As regarded his first point, he thought it had been established by the very able and clear speech of his hon. and gallant friend the Member for Hornsey. The hon. and gallant Member had given admirable reasons for the basis upon which these claims rested, and he had dealt with the inducements held out in the prospectus and the leaflet. In consequence of the non-fulfilment of these promises many excellent men had left the Indian service. In this respect he might mention the resignation of Sir Alexander Binnie, who resigned on account of the treatment he received. What a loss to the Government of India that was, and all because the system of promotion showed that he had little to hope for by remaining in the Indian service. Did they mean to tell him that this feeling originated except from some real and deep grievance? Was it simply a question of a lot of men going together, because they wanted something better than they had got? Nothing of the sort. These men were transfused with the idea that they had been ill-treated. He had studied this question for years, and he could not understand how his noble friend had arrived at the conclusion that these men had not been grievously wronged, and that, therefore, they were not entitled to compensation. Sir George Chesney, who knew as much about the matter as his noble friend, and who had been interested in it from beginning to end, said:— Never was there such a block in any branch of the public; service. If reference be made to the prospect held out to the men in the college prospectus from year to year, I think it must be admitted that faith has not been kept with them. I submit that every fair-minded man will recognise that there has been a clear breach of faith. In view of these statements would any representative of the India office get up in this House and attempt to justify the following, which was contained in a despatch from the Secretary of State for India to the Viceroy— And I desire to add, for the instruction of your Excellency's Government, that these two petitions and the recommendations which you have felt yourself bound to make concerning them, illustrate forcibly the grave inconvenience of the course followed by your Government in dealing with this matter. The petitions were from two poor widows, whose husbands had died in the service of their country—one from cholera when on foreign service, and one when engaged on irrigation works. It really was too absurd and vexatious that the Viceroy and his Council should dare to re-examine claims already adjudicated upon by the India Office, and submit the latter to the "grave inconvenience" of having to justify itself in public for rejecting demands which the Indian Government thought ought, in justice and mercy, to be reconsidered. The view he was urging was not a prejudiced view of an individual. It was not the view of an outsider or of a privileged class. It was the view of the Government of India itself, the employer of those men. What the House of Commons was now asked to do was to appoint a Select Committee to say whether the view of the Government of India, which was on the spot and knew all the circumstances of these men's careers, was correct, or whether the armchair politicians at home knew more about the matter than the Viceroy of India.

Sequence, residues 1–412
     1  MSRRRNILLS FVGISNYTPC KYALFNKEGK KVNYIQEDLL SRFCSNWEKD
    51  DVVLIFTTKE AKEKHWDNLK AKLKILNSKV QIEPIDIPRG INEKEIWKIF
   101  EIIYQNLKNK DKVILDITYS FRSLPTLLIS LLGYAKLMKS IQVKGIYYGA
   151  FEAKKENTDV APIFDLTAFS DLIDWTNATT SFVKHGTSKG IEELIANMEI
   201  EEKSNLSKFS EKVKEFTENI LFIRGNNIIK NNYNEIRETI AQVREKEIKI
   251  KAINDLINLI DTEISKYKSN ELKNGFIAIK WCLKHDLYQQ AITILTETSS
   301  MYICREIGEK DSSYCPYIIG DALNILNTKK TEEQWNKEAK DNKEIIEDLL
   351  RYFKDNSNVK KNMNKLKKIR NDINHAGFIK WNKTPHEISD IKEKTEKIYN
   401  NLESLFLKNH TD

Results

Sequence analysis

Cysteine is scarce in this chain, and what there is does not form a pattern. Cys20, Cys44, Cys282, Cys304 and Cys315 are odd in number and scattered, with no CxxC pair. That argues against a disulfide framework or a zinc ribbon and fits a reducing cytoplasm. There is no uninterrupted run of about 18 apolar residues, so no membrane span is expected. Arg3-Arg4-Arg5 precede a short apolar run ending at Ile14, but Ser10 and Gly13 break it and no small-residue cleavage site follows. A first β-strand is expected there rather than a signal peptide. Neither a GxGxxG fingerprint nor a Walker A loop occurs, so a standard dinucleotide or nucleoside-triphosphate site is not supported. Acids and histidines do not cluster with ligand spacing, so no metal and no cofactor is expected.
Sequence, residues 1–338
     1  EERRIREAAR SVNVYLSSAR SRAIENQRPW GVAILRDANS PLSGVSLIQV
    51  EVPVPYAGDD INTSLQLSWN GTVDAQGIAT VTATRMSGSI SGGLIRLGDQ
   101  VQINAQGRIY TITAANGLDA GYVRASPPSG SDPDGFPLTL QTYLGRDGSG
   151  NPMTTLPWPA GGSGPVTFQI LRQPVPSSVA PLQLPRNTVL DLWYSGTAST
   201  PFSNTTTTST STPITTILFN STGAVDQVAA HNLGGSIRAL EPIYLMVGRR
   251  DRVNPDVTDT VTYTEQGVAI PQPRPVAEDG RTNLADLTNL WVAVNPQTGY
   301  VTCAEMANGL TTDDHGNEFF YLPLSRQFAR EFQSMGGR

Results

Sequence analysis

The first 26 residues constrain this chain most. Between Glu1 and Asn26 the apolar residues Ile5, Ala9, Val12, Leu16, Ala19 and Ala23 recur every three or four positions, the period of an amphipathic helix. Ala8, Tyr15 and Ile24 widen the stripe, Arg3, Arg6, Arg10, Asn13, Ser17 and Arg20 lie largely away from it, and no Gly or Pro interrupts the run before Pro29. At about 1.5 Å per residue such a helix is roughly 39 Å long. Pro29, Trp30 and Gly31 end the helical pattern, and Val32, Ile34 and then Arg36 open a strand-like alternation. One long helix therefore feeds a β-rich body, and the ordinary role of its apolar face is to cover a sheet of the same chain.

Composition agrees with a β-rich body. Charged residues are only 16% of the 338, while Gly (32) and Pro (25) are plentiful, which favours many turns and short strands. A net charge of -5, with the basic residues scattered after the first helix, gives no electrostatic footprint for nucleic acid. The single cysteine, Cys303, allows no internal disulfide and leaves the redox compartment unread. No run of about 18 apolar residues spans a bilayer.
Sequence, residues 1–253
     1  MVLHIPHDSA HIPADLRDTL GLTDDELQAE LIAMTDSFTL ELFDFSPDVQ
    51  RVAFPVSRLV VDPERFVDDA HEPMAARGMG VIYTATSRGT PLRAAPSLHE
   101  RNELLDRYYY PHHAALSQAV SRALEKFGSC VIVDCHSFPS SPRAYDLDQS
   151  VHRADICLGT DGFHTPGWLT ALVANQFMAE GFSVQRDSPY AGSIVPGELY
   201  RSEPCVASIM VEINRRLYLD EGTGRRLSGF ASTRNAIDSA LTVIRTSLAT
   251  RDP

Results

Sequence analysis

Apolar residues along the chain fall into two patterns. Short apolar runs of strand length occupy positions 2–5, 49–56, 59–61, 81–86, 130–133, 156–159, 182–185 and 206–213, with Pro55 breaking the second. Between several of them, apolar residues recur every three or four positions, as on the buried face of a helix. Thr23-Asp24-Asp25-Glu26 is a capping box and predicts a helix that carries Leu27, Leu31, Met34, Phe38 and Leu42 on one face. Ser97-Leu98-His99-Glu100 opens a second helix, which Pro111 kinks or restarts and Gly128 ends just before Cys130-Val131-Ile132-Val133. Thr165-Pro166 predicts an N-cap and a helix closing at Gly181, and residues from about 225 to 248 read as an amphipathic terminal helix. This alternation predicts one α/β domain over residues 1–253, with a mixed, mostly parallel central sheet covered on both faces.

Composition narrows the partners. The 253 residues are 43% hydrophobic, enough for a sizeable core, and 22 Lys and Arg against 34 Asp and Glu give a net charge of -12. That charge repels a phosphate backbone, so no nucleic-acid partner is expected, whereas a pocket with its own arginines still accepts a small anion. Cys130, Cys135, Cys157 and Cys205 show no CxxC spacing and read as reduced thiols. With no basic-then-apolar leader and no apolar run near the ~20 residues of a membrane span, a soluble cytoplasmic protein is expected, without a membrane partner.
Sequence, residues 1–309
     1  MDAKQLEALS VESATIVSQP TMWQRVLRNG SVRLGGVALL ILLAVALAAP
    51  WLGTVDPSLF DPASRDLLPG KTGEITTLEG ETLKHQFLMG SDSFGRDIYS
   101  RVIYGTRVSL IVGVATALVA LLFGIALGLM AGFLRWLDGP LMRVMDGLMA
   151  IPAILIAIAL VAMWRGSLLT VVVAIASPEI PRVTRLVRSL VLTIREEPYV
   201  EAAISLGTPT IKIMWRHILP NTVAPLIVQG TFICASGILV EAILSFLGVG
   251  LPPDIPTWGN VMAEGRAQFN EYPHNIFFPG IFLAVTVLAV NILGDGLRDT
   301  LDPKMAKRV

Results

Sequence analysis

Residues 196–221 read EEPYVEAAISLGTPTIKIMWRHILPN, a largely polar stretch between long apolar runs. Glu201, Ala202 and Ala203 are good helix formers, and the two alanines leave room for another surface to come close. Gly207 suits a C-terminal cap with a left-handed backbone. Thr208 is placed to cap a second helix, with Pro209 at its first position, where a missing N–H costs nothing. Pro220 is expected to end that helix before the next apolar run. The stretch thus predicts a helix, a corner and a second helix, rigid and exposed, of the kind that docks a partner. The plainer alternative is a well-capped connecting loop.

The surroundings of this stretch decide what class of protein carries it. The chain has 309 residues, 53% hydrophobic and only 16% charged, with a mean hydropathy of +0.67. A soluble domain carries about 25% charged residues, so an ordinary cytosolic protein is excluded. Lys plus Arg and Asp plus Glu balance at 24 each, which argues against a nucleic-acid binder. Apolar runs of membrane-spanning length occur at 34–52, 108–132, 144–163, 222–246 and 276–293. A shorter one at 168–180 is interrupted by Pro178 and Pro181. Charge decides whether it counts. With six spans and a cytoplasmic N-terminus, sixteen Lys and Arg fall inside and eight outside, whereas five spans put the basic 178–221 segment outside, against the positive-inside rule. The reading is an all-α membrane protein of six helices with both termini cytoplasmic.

He passed on to the India Office view that these claims were wiped out by the improved rates of pension which had been given. He did not deny that improvements had been made in the service. If improvements had not been made the}' would have had no more recruits coming forward. It was a necessity of the situation to make some improvements in the service. All he would say on that point was that every one of these advantages wag taken into consideration in the elaborate examination made by the Government of India, and at the end a large debit balance was brought in against the Government of India. Briefly, he might say that the advantages were of a two-fold character. There were advantages with regard to the amount of pay and the amount of pension. So far as the pay was concerned, it was nothing approaching what these men were entitled to on the expectations which were held out to them. As to pensions, the improvements which had been made were fully and thankfully recognised by these men, but they said they did not wish to leave the service for which they had paid high fees to qualify, and which they entered because of the high pay which, alas! they had never received. The compensation offered by the Government of India was moderate. It was suggested as a final settlement of all questions that the pensions should be paid at the rate of 2s. per rupee instead of 1s. 9d. The average pension of these men was something like 5000 rupees, so that 3d. per rupee on this would mean £62 10s. a year. He had taken a good deal of pains to investigate this matter. In the case of Harrington he had calculated that he had been paid 67,804 rupees short of what he would have received if promises had been kept. Was that nothing to be considered? The Government of India made the average loss 22,000 to 25,000 rupees. As to the number of men affected by this matter, there were 198 at the beginning; forty had died, two having committed suicide; twenty-eight retired in 1893, and fifteen in 1899, and there were 115 left. The cost of the increase, therefore, amounted to only £7,187. At the maximum it would not be more than £10,000, which would be reduced as the men died off. That would be a small amount to pay for the removal of the ill-feeling prevailing, and in satisfaction of an admitted and long-standing grievance. One of the reasons stated for not granting the claim was the very great length of time it had been before the House of Commons. His noble friend said that there must be finality somewhere. He said that his predecessor decided the matter in 1895. But he was afraid that his predecessor had hardly applied his intellect to a deep consideration of the subject, judging by a letter he signed. He could only suppose that the right hon. Gentleman never read the papers himself, for he wrote as follows— The causes of the evils from which the memorialists represent that they suffer, are the fall in exchange and the slow rate of promotion in the Department. There is nothing in the representations of these officers that was not brought to the notice of the Select Committee of the House of Commons, who reported upon the alleged grievances of the Uncovenanted Civil Servants in July, 1890, and various measures have been passed by your Government with a view to alleviating the evils resulting from the fall in exchange, and to removing the block of promotion in the Department. I am unable to see any ground in the representation contained in the memorials now forwarded for according exceptional treatment under these heads to the petitioners. He was himself a member of the Select Committee, and, therefore, he happened to know what passed. So far from the statement being accurate that the claims were before them, the fact was that they were never considered by the Committee. An attempt was made to bring them before the Committee, but his right hon. friend the Member for Cambridge University, who was Chairman, interposed at once, and said it was not within the competence of the Committee to deal with them, and, accordingly, he ruled them out. There was never any further attempt to bring them before the Committee. This showed how little Secretaries of State looked into matters for themselves, and how much they depended on the letters put before them for signature.